It was indeed a helluva week, and y'all provided a helluva contest to judge!
It's always fun to see entries that come as poems
Thomas Brennan 11:18am
Lisa Bodenheim 3:37pm
Homage to the query for Premeditated
This is so creepy I may never look at a staircase the same way again
Marie McKay 2:42pm
A heartbreaker for sure
Kathy Ellen Davis 8:15pm
This isn't quite a story but it sure did make me laugh
Rachel McCauley 11:06pm
Not quite a story, but I love this idea a lot!
Kate Higgins 12:02am
And why I'll never eat Jell-O again
Terri Lynn Coop 12:50am
This is an exquisite sentence
A week ago, he’d made it over the mountain’s shoulder blade onto the glacier scarving her collarbone
Oh no! Felix Buttonweezer goes rogue!
Gabby Gilliam 9:09am
Here are the entries that made the long list
Steve Forti 10:42am
Gramma’s ragu took the whole weekend to prepare. Slow cooked mirepoix. Fresh garden tomatoes. Secret herb mixtures. Tender braised beef. (Or venison? She never let anyone snag that recipe.)
Such vivid childhood memories. The aroma, watching her stir the ancient pot.
In her waning days, her creaky knees and peakish figure toiled at the stove, yet her spoonula whack remained just as sharp if anyone stole a taste before it was ready.
After she passed, I cleaned out her basement freezer and discovered her secret ingredient. And what really happened to Grampa.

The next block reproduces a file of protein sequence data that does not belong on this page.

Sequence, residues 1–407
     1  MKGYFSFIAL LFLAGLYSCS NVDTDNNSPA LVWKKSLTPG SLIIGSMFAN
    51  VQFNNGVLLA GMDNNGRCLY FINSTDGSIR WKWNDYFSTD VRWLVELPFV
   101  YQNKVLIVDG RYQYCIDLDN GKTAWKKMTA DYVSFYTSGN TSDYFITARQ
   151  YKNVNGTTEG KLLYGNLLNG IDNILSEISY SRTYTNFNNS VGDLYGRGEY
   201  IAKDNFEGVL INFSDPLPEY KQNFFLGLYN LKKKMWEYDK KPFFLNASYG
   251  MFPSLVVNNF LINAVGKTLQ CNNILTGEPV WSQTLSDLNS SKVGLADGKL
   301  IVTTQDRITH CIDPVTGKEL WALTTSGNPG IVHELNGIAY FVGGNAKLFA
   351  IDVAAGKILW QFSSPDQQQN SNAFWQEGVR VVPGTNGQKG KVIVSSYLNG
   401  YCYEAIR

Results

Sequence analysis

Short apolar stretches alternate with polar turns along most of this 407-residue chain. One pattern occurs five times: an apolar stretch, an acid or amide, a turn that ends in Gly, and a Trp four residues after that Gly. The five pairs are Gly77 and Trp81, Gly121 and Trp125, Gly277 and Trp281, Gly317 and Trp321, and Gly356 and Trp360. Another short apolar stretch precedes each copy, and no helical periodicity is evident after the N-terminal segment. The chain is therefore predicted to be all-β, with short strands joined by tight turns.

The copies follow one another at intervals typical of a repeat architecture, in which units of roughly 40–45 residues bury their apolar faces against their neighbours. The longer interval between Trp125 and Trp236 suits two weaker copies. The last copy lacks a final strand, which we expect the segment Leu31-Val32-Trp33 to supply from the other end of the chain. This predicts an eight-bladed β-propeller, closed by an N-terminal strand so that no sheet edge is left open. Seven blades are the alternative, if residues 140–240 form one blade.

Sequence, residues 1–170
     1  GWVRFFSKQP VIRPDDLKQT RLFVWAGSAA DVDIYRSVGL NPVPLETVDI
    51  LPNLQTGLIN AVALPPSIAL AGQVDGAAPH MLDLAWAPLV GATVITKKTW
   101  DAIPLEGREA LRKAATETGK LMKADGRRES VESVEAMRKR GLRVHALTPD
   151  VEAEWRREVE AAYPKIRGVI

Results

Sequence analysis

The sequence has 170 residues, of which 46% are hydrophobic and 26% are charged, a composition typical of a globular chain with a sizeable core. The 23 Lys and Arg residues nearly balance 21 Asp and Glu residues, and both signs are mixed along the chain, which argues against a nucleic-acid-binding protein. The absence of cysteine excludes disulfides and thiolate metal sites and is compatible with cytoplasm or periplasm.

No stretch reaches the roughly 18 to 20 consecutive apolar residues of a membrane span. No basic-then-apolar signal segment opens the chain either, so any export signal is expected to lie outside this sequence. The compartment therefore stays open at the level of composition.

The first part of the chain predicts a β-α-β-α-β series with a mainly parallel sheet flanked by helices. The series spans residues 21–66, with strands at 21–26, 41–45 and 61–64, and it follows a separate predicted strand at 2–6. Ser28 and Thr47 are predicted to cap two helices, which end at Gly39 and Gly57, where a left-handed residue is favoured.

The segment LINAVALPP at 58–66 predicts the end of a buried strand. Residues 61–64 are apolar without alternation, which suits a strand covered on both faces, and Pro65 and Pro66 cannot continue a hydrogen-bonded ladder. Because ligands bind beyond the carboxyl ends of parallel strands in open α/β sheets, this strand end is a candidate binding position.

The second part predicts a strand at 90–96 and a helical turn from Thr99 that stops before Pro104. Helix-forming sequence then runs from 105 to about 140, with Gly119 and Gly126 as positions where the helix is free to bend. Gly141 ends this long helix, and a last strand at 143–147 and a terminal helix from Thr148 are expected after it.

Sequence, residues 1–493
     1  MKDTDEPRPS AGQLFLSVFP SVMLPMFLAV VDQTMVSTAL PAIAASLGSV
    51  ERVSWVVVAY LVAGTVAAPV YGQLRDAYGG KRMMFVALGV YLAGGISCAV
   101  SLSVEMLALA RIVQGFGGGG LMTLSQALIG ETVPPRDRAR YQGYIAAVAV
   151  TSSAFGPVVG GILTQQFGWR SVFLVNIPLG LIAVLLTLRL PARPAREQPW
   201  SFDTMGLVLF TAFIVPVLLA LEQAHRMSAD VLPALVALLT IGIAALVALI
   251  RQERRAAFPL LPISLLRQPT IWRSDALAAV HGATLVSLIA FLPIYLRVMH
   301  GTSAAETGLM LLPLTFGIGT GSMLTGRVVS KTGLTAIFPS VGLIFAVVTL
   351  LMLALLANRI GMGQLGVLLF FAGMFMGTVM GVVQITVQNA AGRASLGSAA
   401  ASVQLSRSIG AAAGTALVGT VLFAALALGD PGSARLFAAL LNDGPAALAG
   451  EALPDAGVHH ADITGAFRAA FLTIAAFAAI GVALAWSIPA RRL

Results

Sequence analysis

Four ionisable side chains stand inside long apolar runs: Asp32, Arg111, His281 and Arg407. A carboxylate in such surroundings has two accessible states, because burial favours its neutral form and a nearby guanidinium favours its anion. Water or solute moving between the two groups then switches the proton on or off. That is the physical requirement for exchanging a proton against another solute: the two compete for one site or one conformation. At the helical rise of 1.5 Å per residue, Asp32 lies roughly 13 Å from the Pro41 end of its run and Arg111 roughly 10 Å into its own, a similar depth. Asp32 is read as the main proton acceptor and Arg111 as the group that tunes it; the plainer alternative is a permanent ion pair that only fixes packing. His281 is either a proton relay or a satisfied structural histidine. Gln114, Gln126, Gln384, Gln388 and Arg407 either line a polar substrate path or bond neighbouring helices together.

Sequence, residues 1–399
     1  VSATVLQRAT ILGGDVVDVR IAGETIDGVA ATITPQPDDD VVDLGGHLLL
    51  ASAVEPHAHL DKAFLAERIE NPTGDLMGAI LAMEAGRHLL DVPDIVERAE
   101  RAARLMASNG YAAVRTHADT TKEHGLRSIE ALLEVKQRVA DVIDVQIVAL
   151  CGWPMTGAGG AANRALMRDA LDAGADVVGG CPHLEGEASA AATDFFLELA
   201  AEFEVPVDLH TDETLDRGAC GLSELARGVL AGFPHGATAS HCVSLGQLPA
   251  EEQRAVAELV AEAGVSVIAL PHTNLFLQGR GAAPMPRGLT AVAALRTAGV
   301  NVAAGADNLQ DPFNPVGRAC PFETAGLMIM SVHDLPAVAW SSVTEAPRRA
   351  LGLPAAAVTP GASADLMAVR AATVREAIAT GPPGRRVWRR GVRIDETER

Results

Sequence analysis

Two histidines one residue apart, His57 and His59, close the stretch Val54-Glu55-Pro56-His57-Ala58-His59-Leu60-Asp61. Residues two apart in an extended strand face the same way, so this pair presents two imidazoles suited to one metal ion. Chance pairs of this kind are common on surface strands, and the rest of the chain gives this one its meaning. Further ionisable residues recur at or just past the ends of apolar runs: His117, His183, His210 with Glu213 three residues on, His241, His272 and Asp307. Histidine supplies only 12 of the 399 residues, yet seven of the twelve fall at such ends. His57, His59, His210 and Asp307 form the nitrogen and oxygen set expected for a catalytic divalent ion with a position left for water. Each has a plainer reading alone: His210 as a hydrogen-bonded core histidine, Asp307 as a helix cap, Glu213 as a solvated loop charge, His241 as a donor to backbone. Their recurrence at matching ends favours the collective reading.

Now the family loves my Sunday dinners.
Colin Smith 10:53am
Annie Ragdoll couldn't speak,
She shut her mouth last Tuesday week
When Billy Bunny tried to tell her
Maizie Mouse had snagged her fella.
When another week had passed,
She'd had enough and went at last
To find her wooden soldier boy,
And end his fling with this new toy.
She'd win his heart back with her charms,
And oil to mend his creaking arms.
She'd whisper nothings in his ear,
Feed him brownies and cold beer.
But when she came to Maize's house,
She found that wretched knitted mouse
Alone beside her fireplace,
A wicked smile upon her face.
Her blood got all mixed in with the ragu sauce she spilled. It mostly pooled up right on top of that creaky floorboard Lois nagged me about fixing all last week. That’s like irony or something, right?
She can’t nag me anymore, she can’t even speak with her tongue under the table. Plus she’s dead.
Hell, I spent most of my marriage wishing Lois’d shut up and now I’m wishing she could talk. That’s irony too, ain’t it?
Whoever killed her did me a big favor, not saying they didn’t. I just wish they hadn’t set me up.
Here are the entries that made the shortlist
(1) Mallory Love 10:04am
Don’t speak unless spoken to, you’d say.
Don’t drag your feet, you’d say.
I don’t have time for this, you’d say. Week after week.
You have to be the best, you’d say. Harvard only accepts champions.
You will take over the firm, you said. There was never a choice.
You can’t marry her. You won’t, you said. A snag in your plans.
You’re better off, you say, tossing her wedding announcement aside.
The floor creaks under my weight.
Drop the gun, you say.
Don’t shoot, you panic.
The metal against my ear muffles the sound.
No, I say and fire.
I gasped aloud when I read this on the first go-round. Notice how the varied uses of "to say" informs the urgency of the story, and then at the end, it's "panic" not "say" in the last line. This is precision writing. And it's a complete story. This is amazing work.